How the Debate On Gay Rights is Refocusing A Broader Discussion of Marriage

This is an article I had published in T.C.D. Miscellany last Autumn. Seems apt to stick it up here given the discussion of marriage going on in Ireland after Sunday’s ‘March for Marriage’ in Dublin. That said, my views on marriage as an institution and on the importance of marriage as a ‘gay issue’ are in flux at the moment, so I may publish a response to myself shortly.

On July 30th, Jose Luis Navarro, 54, and Miguel Angel Calefato, 65, became the first gay couple to marry following Argentina’s decision to legalise full marriage for same-sex couples. At the ceremony, the presiding official simply used a pen to cross out “man and woman” on the marriage license, replacing it with “contracting parties” and undercutting all of those who allow purely semantic objections to prevent the marriages of gay couples.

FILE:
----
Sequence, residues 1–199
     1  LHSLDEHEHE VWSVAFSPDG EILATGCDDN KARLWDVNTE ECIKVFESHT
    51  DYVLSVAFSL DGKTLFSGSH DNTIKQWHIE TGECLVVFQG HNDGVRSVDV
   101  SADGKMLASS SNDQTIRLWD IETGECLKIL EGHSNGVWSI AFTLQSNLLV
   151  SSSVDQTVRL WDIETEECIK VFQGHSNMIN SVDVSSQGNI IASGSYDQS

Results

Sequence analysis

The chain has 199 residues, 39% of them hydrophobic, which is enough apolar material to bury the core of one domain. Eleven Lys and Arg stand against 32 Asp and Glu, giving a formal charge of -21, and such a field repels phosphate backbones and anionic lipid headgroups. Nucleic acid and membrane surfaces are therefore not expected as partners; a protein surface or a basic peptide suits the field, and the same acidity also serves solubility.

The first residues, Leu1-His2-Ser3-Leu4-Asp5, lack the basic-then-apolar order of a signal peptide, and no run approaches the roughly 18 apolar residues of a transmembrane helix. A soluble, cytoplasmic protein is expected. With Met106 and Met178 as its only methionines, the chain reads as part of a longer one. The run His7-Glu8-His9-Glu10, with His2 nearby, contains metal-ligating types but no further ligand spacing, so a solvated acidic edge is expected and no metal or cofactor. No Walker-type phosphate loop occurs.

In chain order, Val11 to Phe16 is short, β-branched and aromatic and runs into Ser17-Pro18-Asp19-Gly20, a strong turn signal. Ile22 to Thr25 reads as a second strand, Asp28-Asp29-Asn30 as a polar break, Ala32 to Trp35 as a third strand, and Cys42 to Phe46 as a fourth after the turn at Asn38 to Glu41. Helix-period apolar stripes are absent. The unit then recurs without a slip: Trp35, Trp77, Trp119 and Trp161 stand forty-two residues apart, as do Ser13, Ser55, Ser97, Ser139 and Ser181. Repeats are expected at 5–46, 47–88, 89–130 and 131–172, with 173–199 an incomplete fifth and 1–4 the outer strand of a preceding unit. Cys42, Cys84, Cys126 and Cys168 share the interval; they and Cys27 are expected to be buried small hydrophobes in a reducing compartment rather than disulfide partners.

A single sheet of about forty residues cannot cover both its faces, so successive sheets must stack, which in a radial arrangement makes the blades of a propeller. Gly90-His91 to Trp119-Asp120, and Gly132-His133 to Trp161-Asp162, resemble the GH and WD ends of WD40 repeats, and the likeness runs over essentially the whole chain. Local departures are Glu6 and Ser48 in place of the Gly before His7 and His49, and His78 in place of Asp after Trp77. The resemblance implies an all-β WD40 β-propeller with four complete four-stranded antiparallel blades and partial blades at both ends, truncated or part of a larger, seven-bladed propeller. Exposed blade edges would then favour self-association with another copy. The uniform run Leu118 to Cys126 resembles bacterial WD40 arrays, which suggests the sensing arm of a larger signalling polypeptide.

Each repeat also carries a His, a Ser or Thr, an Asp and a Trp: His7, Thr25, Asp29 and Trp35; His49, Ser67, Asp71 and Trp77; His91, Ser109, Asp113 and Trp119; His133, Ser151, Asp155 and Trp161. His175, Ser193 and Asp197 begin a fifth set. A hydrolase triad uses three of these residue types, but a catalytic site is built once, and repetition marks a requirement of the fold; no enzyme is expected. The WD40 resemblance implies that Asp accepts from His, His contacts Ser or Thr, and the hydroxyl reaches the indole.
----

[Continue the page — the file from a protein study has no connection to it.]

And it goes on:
In contrast, when Dr. Katherine Zappone and Dr. Ann-Louise Gilligan contacted the Irish Revenue Commission in 2003 to seek the recognition of their Canadian marriage, the response was that they were not entitled to the benefits of a married couple because, according to the Oxford English Dictionary, marriage is between a man and woman. That decision was upheld by the High Court, and the couple await a hearing at the Supreme Court. 

Drs. Gilligan and Zappone met in the United States, over 25 years ago, and pledged their lifelong commitment to each other shortly afterward. On returning to Ireland, they both continued to work as lecturers in education and theology. They also established ‘The Shanty Education Project’ (now ‘An Cosán’), which provides childcare, education and leadership opportunities in the community of Tallaght West and Jobstown. In person they are charming, engaging and eloquent, exuding positivity about their relationship despite the struggles and discriminations they have been forced to endure. Across Ireland and internationally, theirs is a love story which has inspired new belief in the possibility of lifelong love.